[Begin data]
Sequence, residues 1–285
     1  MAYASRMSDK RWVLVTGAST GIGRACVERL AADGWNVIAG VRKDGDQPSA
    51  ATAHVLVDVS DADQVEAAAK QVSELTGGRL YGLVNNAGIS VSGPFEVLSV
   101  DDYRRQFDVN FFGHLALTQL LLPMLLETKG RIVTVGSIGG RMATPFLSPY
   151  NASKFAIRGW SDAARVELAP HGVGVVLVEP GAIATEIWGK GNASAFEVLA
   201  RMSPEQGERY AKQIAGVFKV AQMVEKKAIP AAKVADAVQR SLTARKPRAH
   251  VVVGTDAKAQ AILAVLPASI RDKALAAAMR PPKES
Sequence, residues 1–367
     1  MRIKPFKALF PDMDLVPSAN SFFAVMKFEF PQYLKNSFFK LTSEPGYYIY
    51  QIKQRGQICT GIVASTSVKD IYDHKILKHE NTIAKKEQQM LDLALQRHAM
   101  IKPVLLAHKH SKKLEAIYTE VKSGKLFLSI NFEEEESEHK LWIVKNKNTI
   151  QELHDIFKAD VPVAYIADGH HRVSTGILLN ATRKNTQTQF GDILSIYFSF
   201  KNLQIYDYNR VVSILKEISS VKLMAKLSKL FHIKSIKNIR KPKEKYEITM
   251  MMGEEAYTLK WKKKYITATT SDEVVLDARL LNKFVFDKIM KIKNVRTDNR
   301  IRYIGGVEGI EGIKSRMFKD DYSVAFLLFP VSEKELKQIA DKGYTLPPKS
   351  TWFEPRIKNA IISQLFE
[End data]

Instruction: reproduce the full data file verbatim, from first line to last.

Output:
Sequence, residues 1–285
     1  MAYASRMSDK RWVLVTGAST GIGRACVERL AADGWNVIAG VRKDGDQPSA
    51  ATAHVLVDVS DADQVEAAAK QVSELTGGRL YGLVNNAGIS VSGPFEVLSV
   101  DDYRRQFDVN FFGHLALTQL LLPMLLETKG RIVTVGSIGG RMATPFLSPY
   151  NASKFAIRGW SDAARVELAP HGVGVVLVEP GAIATEIWGK GNASAFEVLA
   201  RMSPEQGERY AKQIAGVFKV AQMVEKKAIP AAKVADAVQR SLTARKPRAH
   251  VVVGTDAKAQ AILAVLPASI RDKALAAAMR PPKES
Sequence, residues 1–367
     1  MRIKPFKALF PDMDLVPSAN SFFAVMKFEF PQYLKNSFFK LTSEPGYYIY
    51  QIKQRGQICT GIVASTSVKD IYDHKILKHE NTIAKKEQQM LDLALQRHAM
   101  IKPVLLAHKH SKKLEAIYTE VKSGKLFLSI NFEEEESEHK LWIVKNKNTI
   151  QELHDIFKAD VPVAYIADGH HRVSTGILLN ATRKNTQTQF GDILSIYFSF
   201  KNLQIYDYNR VVSILKEISS VKLMAKLSKL FHIKSIKNIR KPKEKYEITM
   251  MMGEEAYTLK WKKKYITATT SDEVVLDARL LNKFVFDKIM KIKNVRTDNR
   301  IRYIGGVEGI EGIKSRMFKD DYSVAFLLFP VSEKELKQIA DKGYTLPPKS
   351  TWFEPRIKNA IISQLFE